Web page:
Persistent Organic Pollutants in Norwegian Men from 1979 to 2007: Intraindividual Changes, Age–Period–Cohort Effects, and Model Predictions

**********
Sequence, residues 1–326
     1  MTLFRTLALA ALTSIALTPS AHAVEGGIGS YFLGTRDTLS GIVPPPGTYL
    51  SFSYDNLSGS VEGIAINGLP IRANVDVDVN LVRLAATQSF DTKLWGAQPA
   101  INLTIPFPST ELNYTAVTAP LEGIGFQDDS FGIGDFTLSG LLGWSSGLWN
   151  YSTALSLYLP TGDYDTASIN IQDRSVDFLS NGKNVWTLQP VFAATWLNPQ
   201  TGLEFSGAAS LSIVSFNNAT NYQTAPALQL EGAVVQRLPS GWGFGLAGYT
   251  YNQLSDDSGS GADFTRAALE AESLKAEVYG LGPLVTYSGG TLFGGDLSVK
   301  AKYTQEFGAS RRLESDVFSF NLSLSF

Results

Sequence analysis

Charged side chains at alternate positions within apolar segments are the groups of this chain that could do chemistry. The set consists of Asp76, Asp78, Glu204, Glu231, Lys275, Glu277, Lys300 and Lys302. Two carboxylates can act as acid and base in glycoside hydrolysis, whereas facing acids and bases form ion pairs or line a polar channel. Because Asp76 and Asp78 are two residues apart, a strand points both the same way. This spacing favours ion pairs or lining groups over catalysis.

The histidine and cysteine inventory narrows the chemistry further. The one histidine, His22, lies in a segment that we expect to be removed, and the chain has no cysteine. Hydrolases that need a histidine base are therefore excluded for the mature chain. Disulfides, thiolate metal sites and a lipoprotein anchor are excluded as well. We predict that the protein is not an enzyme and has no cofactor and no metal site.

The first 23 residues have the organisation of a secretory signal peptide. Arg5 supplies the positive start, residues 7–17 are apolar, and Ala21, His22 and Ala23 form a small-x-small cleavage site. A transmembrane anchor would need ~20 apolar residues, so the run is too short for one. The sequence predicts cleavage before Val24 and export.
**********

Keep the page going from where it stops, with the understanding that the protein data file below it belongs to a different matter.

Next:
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BACKGROUND: Longitudinal monitoring studies of persistent organic pollutants (POPs) in human populations are important to better understand changes with time and age, and for future predictions. OBJECTIVES: We sought to describe serum POP time trends on an individual level, investigate age-period-cohort effects, and compare predicted polychlorinated biphenyl (PCB) concentrations to measured values. METHODS: Serum was sampled in 1979, 1986, 1994, 2001, and 2007 from a cohort of 53 men in Northern Norway and analyzed for 41 POPs. Time period, age, and birth cohort effects were assessed by graphical analyses and mixed-effect models. We derived the predicted concentrations of four PCBs for each sampling year using the CoZMoMAN model. RESULTS: The median decreases in summed serum POP concentrations (lipid-adjusted) in 1986, 1994, 2001, and 2007 relative to 1979 were -22%, -52%, -54%, and -68%, respectively. We observed substantial declines in all POP groups with the exception of chlordanes. Time period (reflected by sampling year) was the strongest descriptor of changes in PCB-153 concentrations. Predicted PCB-153 concentrations were consistent with measured concentrations in the study population. CONCLUSIONS: Our results suggest substantial intraindividual declines in serum concentrations of legacy POPs from 1979 to 2007 in men from Northern Norway. These changes are consistent with reduced environmental exposure during these 30 years and highlight the relation between historic emissions and POP concentrations measured in humans. Observed data and interpretations are supported by estimates from the CoZMoMAN emission-based model. A longitudinal decrease in concentrations with age was evident for all birth cohorts. Overall, our findings support the relevance of age-period-cohort effects to human biomonitoring of environmental contaminants.
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